By TIM KELLY
Running pass patterns at football practice has again given way to a holding pattern for New Jersey high school teams.
Just when it looked like the first football that local fans could watch would be at the high school level, the COVID-19 crisis proved to be the ultimate arbiter on when the season would open up.
“I know everyone is nervous and/or frustrated,” Ocean City Head Coach Kevin Smith related to parents and friends of the program in an email. “I am too.”
Smith’s frustration and that of the other coaches, as well as players, parents and fans, is understandable.
Everything looked to be on track just two weeks ago when Smith and other New Jersey coaches were given the word from the governing body of high school sports that “Phase 1” of football startup could take place on July 13 and that after two weeks a re-evaluation would take place for moving to Phase 2.
“Long and specific” directions were given to coaches by the New Jersey State Interscholastic Athletic Association (NJSIAA) for the first practices to take place with strict social distancing guidelines, Smith said in a recent interview.
For example, initial drills were to take place in groups no larger than 10 players, he said, and no contact was allowed. That meant players would be assigned to groups by position, each presided over by a different coach.
While the Phase 1 guidelines were not ideal and did not allow for traditional “11 on 11” drills, it was still football practice by any measure, and Smith said he and the players were excited.
Further encouragement came the next week when dates and times for the first sessions were announced by Smith, as well as a Freshman Orientation program for newcomers to be held virtually, using Zoom meeting technology.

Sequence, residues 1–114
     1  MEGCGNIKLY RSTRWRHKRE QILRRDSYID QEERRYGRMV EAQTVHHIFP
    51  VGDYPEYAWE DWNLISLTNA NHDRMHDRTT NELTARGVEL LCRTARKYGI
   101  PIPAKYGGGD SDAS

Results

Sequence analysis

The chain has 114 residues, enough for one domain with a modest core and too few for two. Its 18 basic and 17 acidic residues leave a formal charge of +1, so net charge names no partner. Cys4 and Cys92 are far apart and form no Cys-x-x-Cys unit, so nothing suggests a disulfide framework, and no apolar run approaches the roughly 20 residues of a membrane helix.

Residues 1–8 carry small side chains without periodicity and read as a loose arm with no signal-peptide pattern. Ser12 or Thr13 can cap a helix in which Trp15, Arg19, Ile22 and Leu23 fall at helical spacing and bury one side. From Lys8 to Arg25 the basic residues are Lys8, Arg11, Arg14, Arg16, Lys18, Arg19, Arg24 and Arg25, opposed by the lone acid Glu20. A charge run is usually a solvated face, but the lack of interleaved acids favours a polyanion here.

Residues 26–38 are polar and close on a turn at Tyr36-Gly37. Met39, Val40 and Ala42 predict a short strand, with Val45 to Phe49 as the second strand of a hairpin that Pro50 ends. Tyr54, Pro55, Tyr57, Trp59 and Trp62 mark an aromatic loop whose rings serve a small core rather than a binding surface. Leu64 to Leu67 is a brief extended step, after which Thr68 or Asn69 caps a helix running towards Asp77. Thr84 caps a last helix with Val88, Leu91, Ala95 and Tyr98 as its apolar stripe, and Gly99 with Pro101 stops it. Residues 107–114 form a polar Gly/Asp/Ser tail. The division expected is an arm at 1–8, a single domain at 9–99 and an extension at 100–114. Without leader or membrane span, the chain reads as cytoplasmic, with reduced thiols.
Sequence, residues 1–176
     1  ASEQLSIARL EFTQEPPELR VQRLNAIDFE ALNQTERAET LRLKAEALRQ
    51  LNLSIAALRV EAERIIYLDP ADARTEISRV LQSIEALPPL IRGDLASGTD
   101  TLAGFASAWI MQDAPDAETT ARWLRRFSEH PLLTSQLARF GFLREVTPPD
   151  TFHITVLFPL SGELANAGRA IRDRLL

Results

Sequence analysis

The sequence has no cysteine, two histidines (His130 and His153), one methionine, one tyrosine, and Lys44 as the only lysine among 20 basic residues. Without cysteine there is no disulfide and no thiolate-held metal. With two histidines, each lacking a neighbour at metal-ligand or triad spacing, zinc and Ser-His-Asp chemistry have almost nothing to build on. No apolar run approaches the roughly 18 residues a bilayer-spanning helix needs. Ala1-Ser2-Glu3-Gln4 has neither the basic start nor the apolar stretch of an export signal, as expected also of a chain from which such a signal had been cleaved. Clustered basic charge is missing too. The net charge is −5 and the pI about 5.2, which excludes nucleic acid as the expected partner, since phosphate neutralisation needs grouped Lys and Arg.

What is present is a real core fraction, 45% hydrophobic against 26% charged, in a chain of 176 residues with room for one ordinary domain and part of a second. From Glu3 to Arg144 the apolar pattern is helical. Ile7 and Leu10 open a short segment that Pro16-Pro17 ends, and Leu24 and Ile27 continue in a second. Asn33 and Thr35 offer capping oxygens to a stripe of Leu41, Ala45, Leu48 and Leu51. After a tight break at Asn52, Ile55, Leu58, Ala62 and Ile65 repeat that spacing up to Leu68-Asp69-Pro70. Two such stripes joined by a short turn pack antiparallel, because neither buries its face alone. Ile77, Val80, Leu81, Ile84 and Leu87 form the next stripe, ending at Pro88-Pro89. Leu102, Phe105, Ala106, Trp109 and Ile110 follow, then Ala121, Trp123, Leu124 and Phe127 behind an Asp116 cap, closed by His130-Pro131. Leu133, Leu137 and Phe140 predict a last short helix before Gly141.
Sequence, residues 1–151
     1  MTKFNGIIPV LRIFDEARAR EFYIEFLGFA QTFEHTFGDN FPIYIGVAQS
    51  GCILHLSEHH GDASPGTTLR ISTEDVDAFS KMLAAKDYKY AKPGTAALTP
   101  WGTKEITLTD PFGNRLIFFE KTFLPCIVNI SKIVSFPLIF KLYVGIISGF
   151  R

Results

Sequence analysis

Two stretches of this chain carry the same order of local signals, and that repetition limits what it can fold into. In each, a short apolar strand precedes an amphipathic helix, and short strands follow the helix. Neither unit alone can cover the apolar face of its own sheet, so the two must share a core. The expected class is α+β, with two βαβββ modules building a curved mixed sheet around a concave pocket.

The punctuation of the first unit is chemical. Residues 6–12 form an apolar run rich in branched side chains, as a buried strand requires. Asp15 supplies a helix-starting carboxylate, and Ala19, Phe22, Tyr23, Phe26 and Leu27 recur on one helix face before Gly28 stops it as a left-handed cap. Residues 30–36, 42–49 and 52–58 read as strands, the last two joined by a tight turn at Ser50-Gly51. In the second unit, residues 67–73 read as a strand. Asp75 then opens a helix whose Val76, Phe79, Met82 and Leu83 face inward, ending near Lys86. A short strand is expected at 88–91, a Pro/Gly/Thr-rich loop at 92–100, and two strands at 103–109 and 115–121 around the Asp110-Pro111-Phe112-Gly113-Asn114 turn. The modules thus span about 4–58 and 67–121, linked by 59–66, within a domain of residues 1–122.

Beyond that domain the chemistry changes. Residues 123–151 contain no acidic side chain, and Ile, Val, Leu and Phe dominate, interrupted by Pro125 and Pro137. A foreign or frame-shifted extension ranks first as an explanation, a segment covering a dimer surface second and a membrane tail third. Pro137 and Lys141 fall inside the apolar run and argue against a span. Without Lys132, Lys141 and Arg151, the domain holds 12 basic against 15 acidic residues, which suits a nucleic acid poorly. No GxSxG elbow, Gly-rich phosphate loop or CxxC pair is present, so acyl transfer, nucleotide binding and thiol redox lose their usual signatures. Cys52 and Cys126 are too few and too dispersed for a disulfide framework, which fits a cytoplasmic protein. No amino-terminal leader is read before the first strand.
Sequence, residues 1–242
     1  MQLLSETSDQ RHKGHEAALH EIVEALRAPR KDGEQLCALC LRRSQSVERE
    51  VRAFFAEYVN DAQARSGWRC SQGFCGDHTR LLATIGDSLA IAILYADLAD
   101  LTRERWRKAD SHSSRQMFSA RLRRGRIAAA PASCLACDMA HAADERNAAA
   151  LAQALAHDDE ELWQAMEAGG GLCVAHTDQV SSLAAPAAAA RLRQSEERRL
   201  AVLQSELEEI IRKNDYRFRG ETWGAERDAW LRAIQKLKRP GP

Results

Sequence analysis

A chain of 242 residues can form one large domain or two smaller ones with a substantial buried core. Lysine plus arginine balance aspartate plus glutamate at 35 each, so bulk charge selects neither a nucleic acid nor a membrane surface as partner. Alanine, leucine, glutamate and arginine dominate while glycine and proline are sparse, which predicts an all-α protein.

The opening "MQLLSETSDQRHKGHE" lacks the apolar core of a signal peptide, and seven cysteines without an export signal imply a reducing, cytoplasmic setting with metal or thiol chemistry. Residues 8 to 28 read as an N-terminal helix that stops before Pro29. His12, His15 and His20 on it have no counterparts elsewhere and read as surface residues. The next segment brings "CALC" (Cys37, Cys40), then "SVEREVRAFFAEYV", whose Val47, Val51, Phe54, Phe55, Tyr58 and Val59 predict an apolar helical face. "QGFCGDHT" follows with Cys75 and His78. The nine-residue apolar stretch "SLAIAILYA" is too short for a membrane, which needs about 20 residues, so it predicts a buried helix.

Coming off their best season in 20 years, the Red Raiders return 16 starting players from a team that went 9-3, including two postseason victories and a berth in the South Jersey title game. Optimism and excitement were palpable.
Not so fast.
School district superintendents from Atlantic and Cape May counties decided not to open on July 13, Smith announced. The good news, he said, was that the schools still would plan for a season, with Phase 1 pushed back to July 27 as the new target date.
“Although (the NJSIAA) has cleared schools for Phase 1, leagues, counties and individual districts have the right to decline if they feel it is unsafe,” Smith explained. “The recent spike in COVID-19 cases has prompted our local counties to make that call. So we wait.”
The initial impact of the call: The actual first scheduled game, a highly anticipated matchup with neighboring power Holy Spirit initially set for Sept. 3, would have to be re-set and the entire season would be pushed back by at least a week.
Though frustrating, a delay or for that matter a shortened season is preferable to a canceled one. The College of New Jersey and an increasing number of college programs have done just that. TCNJ went so far as to cancel all fall semester contact sports, including men’s and women’s basketball and soccer.
Thus, Smith and the Red Raiders keep hope alive and tend to things they still control: team culture, resolve and preparation for that day when the sound of pads colliding will again be heard at Carey Stadium.
Though not of his making, the coach apologized to parents for the “fluid” situation. “I realize this can affect family vacations and other plans,” he said.
Smith urged parents to take care of paperwork and other administrative details, to keep an eye on their sons’ workouts and diets and be ready for the opening signal whenever it happens. He pledged to pass along any solid information as it becomes available.
“We have a great group of young men coming back and I can’t wait to get started,” Smith said.